Annihilation is interesting and weird, slow and methodical, and dare I say, bordering on boring. Hyper-sensitive fans of the film may ream me for not fully grasping or appreciating the deeper meaning, the metaphors, the beauty in the bizarre, yadda yadda yadda. But that’s okay. I didn’t love Arrival either. Annihilation is a cerebral sci-fi horror flick from Alex Garland (Ex Machina) based on the “Southern Reach Trilogy” by Jeff VanderMeer. If you’ve read the books, you’re probably ahead of the game and more likely than most to love this movie. Here’s the gist: Natalie Portman plays Lena, an Army veteran and cellular biologist whose husband Kane (Oscar Isaac) was believed killed in action during a secret military mission. He reappears a year later, extremely ill, with no memory of what happened. Government agents nab the newly-reunited couple and take them to “Area X”, an unspecified locale that borders a mysterious “Shimmer” that’s been expanding along the U.S. coastline.

Kane is the only known person to have ventured beyond The Shimmer and made it out again. So Lena decides to check it out for herself, in the hopes of finding a way to save the hubby. She joins an all-female expedition crew tasked with getting to a lighthouse at “ground zero” and gathering clues on how to contain, or even destroy, the phenomenon. The team includes a psychologist (Jennifer Jason Leigh), a physicist (Tessa Thompson), a paramedic (Gina Rodriguez), and a geologist (Tuva Novotny). Each has her own motivations for embarking on a likely suicide mission. Annihilation feels a bit like an expanded Twilight Zone episode featuring a land filled with mutated landscapes and creatures that threaten the lives and sanity of all who dare enter. It has an excellent cast, plenty of originality, and some impressive cinematography. But by the time it finally wrapped up (as much a cerebral sci-fi thriller that’s part of a trilogy can), I was more than ready to put a dimmer on the shimmer. Enter at your own risk. You may love it. Or your head may hurt.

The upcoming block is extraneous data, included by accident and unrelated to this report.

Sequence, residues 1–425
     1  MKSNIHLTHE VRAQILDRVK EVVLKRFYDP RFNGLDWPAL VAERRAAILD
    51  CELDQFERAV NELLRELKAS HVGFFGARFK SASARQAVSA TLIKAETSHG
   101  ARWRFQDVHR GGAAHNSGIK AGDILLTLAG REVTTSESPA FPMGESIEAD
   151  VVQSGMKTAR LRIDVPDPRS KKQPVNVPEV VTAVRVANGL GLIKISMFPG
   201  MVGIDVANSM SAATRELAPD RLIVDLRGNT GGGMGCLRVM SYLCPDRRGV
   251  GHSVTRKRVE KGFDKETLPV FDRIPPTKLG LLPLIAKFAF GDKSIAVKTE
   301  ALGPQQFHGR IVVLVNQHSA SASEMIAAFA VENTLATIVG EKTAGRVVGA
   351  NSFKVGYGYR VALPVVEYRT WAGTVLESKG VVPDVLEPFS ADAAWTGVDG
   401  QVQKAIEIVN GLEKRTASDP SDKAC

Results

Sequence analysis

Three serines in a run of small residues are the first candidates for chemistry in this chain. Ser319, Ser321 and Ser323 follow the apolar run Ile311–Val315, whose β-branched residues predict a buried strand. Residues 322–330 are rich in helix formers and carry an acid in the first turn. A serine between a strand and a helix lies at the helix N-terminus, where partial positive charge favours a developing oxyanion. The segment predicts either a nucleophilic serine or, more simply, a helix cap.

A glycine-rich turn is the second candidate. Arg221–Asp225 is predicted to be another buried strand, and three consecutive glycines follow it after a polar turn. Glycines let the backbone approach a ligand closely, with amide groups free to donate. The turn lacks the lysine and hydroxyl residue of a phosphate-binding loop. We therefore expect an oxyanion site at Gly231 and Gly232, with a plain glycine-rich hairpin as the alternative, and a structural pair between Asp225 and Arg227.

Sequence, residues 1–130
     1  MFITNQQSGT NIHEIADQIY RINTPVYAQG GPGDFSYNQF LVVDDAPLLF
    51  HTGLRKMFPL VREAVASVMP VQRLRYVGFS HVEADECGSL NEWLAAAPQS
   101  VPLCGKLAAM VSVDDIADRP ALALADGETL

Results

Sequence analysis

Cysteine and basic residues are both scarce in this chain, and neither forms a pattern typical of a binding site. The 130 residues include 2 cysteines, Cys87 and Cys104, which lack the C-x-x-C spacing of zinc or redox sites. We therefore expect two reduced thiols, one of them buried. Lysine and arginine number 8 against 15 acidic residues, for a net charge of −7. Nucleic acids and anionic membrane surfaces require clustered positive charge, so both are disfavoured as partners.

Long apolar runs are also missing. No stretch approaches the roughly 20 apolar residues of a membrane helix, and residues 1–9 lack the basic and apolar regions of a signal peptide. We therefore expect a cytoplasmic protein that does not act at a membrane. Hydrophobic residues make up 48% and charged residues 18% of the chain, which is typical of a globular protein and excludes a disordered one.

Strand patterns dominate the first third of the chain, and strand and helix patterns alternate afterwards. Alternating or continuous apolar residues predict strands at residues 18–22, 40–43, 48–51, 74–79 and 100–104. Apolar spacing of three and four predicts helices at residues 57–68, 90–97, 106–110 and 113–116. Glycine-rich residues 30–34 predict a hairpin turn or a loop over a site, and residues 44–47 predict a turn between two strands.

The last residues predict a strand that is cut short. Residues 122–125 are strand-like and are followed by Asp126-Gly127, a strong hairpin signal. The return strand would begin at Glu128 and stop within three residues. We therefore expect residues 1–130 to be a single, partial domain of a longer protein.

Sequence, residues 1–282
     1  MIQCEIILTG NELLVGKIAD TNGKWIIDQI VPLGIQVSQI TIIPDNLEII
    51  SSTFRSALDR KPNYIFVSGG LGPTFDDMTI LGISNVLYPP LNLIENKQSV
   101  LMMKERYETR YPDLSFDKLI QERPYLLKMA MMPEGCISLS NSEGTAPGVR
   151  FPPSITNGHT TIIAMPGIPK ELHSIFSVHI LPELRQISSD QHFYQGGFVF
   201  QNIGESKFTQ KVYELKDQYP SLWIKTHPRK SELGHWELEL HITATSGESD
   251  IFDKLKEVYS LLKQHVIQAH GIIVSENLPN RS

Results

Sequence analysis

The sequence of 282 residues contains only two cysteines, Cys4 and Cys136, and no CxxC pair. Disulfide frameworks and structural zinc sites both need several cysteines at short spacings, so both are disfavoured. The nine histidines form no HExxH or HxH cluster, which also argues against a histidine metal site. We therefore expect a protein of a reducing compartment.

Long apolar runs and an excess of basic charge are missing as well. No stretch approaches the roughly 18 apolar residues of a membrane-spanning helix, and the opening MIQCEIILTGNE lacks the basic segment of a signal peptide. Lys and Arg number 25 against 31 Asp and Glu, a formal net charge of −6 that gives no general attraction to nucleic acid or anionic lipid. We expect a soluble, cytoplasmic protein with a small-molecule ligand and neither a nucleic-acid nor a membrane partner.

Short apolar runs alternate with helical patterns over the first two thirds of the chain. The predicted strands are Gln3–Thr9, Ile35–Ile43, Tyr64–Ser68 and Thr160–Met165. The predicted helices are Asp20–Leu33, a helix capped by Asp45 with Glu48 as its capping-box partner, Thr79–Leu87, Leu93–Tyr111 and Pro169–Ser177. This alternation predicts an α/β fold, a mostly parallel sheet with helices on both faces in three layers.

Arty Chick weighs in: Director Alex Garland got a lot of love for his first film Ex Machina, though I thought it over-hyped at the time. Annihilation has the same cerebral pretensions that kept me from caring about the characters in that one. Natalie Portman’s #GirlPower Lena keeps you watching, but the story is a fairly standard horror trope, people running towards rather than away from something they know will probably kill them, only this time instead of darkness the locale is bathed in rainbows and flowers. And one by one they’re picked off until our hero stands alone and saves the day. Or does she? This film also suffers from a lot of hype. I think if you go in thinking it isn’t going to be the best sci-fi movie of the year, you might like it more.